Washington 25.30% 42.90% 23.10% 24,225
Miami-Fort Lauderdale 34.10% 47.10% 31.30% 26,778
Atlanta 44.00% 61.30% 38.20% 61,186
Boston 15.00% 32.30% 13.40% 13,327
San Francisco 17.70% 30.40% 12.80% 33,487
Detroit 37.00% 50.80% 34.00% 25,895
Riverside 36.10% 56.10% 25.10% 74,054
Phoenix 31.30% 47.40% 24.50% 52,236
Seattle 28.00% 46.10% 20.50% 50,065
Minneapolis-St. Paul 26.60% 46.40% 23.80% 19,294
San Diego 21.00% 39.20% 15.10% 27,640
St. Louis 26.60% 47.10% 25.80% 4,711
Tampa 36.30% 50.90% 31.70% 23,805
Baltimore 26.30% 44.40% 23.40% 15,773
Denver 15.30% 38.90% 12.80% 13,165
Pittsburgh 12.80% 27.90% 12.00% 3,110
Portland 22.30% 42.10% 17.70% 19,217
Sacramento 31.50% 50.20% 20.40% 41,781
Orlando 39.80% 55.40% 34.70% 19,541
Cincinnati 24.50% 46.60% 22.90% 6,749
Cleveland 27.10% 45.20% 25.60% 6,077
Las Vegas 48.40% 66.90% 41.30% 23,600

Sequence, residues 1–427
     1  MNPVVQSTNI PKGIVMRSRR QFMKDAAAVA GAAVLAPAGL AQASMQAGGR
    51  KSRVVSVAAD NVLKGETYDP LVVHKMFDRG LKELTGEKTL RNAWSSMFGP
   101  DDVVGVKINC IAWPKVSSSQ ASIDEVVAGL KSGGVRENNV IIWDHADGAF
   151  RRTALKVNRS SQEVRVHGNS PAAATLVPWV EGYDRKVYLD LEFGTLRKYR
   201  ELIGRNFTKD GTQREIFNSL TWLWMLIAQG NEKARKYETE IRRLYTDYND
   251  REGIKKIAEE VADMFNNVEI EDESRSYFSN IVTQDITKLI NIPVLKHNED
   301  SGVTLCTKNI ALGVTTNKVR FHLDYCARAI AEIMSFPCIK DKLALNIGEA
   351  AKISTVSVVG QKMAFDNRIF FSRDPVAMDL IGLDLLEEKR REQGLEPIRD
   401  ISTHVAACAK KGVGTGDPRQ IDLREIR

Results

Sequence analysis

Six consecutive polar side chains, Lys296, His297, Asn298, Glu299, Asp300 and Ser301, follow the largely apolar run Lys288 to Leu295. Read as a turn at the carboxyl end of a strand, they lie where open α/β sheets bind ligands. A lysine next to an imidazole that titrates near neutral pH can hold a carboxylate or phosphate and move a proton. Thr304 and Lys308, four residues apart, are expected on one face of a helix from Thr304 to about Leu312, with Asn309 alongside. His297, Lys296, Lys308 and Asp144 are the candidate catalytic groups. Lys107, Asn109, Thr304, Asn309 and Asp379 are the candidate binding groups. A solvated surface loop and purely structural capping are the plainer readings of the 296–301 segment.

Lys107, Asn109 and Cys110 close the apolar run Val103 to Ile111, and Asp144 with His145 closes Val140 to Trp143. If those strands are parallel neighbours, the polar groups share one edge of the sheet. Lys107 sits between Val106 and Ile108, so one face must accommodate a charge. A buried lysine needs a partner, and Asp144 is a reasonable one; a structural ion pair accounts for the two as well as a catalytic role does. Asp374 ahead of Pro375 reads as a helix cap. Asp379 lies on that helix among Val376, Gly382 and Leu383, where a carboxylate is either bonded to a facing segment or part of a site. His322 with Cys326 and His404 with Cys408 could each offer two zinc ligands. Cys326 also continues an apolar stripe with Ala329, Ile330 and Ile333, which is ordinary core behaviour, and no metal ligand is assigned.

San Jose 11.20% 22.20% 7.90% 9,277
Columbus 26.00% 48.90% 24.30% 5,843
Charlotte 28.30% 51.50% 27.10% 4,443

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http://www.zillowblog.com/2013-08-28/negative-equity-rate-drops-below-25-percent-for-first-time-in-q2-but-millions-still-face-a-long-road/

What Is ‘Risk’ in Real Estate?

Date:September 9, 2013 | Category:Tips & Advice | Author:

red dicesYou’ve undoubtedly heard about reducing your “risk” in real estate, but have you ever really thought about what that means?

The risks are significant, and even though they are clearly identifiable, few home buyers do anything to understand and reduce their risk.

Here’s some guidance based on the example of two different people buying a used car and how their experiences relate to real estate.

Buying a used car

Risky Robert, a dice rolling Las Vegan, decides it’s time to buy a car. He drives to the nearest dealership, where he meets a very nice used-car salesperson. The salesperson shows Robert several cars on the lot, tells him about the great quality of each car and how the car he proposes for Robert was only driven by a grandma to church. Robert likes that tidbit about grandma and test-drives the car and likes it. The sales guy quotes the fair price, they haggle a little, Robert takes the dealership financing and he’s got a new used car.

And that’s risky behavior!

There is a better way